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Some differences in revealed behaviour under different inquiry methods

  • Ottone, Stefania
  • Ortona, Guido
  • Ponzano, Ferruccio
  • Scacciati, Francesco

The paper is devoted to the assessment of the relevance of the they-come-to-play effect (CTPE, defined in the text). It employs both a real-effort setting and a questionnaire. The effect proves to be significant, albeit the results cannot be generalized straightforwardly. From the comparison between the real-effort setting and the questionnaire it turns out that subjects are influenced by their political preferences only in the latter.

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Article provided by Elsevier in its journal Journal of Behavioral and Experimental Economics (formerly The Journal of Socio-Economics).

Volume (Year): 39 (2010)
Issue (Month): 5 (October)
Pages: 546-553

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Handle: RePEc:eee:soceco:v:39:y:2010:i:5:p:546-553
Contact details of provider: Web page: http://www.elsevier.com/locate/inca/620175

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  1. Camerer, Colin F & Hogarth, Robin M, 1999. "The Effects of Financial Incentives in Experiments: A Review and Capital-Labor-Production Framework," Journal of Risk and Uncertainty, Springer, vol. 19(1-3), pages 7-42, December.
  2. Ortona, Guido & Ottone, Stefania & Ponzano, Ferruccio & Scacciati, Francesco, 2006. "Labour supply in presence of taxation financing public services. An experimental approach," POLIS Working Papers 71, Institute of Public Policy and Public Choice - POLIS.
  3. Jordi Brandts & Gary Charness, 1998. "Hot vs. cold: Sequential responses and preference stability in experimental games," Economics Working Papers 321, Department of Economics and Business, Universitat Pompeu Fabra.
  4. repec:ebl:ecbull:v:3:y:2007:i:48:p:1-7 is not listed on IDEAS
  5. Stefania Ottone & Ferruccio Ponzano, 2007. "Laffer curve in a non-Leviathan scenario: a real - effort experiment," Economics Bulletin, AccessEcon, vol. 3(48), pages 1-7.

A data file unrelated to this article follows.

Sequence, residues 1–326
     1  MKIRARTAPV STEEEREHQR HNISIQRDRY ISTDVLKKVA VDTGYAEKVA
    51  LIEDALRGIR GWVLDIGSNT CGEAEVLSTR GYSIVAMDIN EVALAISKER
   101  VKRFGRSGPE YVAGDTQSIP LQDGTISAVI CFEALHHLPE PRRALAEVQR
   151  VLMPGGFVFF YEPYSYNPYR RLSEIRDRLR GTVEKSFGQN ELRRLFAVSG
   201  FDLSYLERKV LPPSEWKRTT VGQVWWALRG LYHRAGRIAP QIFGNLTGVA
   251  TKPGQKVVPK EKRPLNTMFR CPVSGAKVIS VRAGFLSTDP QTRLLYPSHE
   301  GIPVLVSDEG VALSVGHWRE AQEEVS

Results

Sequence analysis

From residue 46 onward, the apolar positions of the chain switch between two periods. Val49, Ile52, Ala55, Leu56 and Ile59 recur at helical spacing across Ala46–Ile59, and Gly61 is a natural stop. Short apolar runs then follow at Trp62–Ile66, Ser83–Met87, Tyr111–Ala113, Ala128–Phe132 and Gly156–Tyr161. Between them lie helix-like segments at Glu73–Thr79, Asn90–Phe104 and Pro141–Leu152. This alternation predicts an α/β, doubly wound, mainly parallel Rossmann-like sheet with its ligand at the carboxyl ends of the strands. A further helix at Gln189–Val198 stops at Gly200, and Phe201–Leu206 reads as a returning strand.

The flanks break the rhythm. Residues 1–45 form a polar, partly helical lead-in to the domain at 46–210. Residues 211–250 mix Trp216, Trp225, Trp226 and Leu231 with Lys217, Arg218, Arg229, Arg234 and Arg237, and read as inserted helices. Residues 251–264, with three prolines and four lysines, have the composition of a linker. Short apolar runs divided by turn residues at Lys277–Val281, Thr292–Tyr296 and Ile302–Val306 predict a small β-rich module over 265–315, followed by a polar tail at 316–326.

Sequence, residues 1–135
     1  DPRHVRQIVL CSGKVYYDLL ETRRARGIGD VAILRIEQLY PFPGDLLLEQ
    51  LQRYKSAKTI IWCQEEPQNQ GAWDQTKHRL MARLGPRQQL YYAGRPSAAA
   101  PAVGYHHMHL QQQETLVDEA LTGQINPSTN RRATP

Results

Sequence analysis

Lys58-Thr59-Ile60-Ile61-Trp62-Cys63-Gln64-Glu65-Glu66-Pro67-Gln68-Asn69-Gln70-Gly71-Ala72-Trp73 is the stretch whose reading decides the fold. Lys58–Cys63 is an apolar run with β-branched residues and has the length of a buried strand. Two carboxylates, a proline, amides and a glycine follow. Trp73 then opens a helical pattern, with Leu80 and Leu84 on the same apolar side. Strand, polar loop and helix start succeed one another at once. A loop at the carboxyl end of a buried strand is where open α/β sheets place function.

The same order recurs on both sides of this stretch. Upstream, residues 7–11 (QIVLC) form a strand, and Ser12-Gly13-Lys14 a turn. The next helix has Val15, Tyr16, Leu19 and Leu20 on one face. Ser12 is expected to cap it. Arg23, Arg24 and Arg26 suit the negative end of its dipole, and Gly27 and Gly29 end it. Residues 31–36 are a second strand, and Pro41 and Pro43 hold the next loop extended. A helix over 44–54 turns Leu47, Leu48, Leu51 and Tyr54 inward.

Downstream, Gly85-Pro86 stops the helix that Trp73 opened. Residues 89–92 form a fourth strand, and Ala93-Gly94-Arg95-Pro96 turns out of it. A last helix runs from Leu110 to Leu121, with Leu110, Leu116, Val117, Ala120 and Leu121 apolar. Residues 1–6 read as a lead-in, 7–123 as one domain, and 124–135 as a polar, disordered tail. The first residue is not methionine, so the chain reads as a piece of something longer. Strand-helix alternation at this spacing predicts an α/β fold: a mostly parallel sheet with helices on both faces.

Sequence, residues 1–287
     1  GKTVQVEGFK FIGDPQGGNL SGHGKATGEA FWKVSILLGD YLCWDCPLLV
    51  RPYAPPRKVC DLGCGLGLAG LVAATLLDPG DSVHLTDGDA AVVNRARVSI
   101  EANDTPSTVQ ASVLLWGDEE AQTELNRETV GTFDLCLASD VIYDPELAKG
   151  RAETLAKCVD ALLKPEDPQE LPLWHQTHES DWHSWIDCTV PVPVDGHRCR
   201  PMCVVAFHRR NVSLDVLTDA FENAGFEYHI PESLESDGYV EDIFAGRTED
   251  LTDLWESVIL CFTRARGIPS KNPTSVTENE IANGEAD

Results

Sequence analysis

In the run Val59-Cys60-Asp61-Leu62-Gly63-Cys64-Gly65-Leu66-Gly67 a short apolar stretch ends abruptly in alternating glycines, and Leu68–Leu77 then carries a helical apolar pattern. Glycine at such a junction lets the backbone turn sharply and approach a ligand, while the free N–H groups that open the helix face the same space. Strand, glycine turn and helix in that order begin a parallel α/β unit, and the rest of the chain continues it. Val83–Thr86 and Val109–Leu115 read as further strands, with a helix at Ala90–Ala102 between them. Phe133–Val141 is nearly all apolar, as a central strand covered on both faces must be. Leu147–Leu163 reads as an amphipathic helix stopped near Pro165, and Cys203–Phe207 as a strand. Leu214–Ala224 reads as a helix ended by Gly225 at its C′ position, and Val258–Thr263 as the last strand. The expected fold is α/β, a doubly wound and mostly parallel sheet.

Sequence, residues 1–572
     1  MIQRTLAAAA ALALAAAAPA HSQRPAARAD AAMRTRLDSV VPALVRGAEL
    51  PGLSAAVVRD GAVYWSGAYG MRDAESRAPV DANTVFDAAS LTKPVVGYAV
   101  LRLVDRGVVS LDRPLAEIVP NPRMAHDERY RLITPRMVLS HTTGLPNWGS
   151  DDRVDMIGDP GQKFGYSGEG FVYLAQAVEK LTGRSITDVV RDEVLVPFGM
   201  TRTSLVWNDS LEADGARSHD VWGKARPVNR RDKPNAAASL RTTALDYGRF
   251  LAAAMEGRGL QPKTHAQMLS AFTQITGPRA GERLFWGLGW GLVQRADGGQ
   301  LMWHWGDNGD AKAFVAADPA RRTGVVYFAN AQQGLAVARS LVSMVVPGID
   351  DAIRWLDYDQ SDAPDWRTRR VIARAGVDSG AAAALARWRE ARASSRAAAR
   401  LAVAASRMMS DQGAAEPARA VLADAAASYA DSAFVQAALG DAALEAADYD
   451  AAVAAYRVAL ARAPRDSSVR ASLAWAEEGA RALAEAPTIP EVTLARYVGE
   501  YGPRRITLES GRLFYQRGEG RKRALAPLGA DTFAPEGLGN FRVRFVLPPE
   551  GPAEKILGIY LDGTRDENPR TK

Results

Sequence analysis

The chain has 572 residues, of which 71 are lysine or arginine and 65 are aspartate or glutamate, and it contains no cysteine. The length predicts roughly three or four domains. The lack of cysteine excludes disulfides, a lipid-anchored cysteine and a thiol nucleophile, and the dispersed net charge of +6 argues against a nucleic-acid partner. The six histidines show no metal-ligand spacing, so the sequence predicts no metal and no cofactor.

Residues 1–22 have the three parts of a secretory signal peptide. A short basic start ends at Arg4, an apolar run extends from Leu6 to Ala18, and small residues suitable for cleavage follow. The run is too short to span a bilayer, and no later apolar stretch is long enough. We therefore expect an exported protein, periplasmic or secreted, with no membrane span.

6. Timothy N. Cason & Vai-Lam Mui, 1998. "Social Influence in the Sequential Dictator Game," Monash Economics Working Papers archive-37, Monash University, Department of Economics.
  7. Jeffrey Carpenter & Allison Liati & Brian Vickery, 2006. "They Come to Play: Supply Effects in an Economic Experiment," Middlebury College Working Paper Series 0602, Middlebury College, Department of Economics.
  8. Swenson, Charles W., 1988. "Taxpayer behavior in response to taxation: An experimental analysis," Journal of Accounting and Public Policy, Elsevier, vol. 7(1), pages 1-28.
  9. Bird, Edward J., 2001. "Does the welfare state induce risk-taking?," Journal of Public Economics, Elsevier, vol. 80(3), pages 357-383, June.
  10. Andreas Ortmann & Ralph Hertwig, 2006. "Monetary Incentives: Usually Neither Necessary Nor Sufficient?," CERGE-EI Working Papers wp307, The Center for Economic Research and Graduate Education - Economic Institute, Prague.
  11. Laury, Susan K. & Holt, Charles A., 2008. "Payoff Scale Effects and Risk Preference Under Real and Hypothetical Conditions," Handbook of Experimental Economics Results, Elsevier.
  12. Daniel Read, 2005. "Monetary incentives, what are they good for?," Journal of Economic Methodology, Taylor & Francis Journals, vol. 12(2), pages 265-276.
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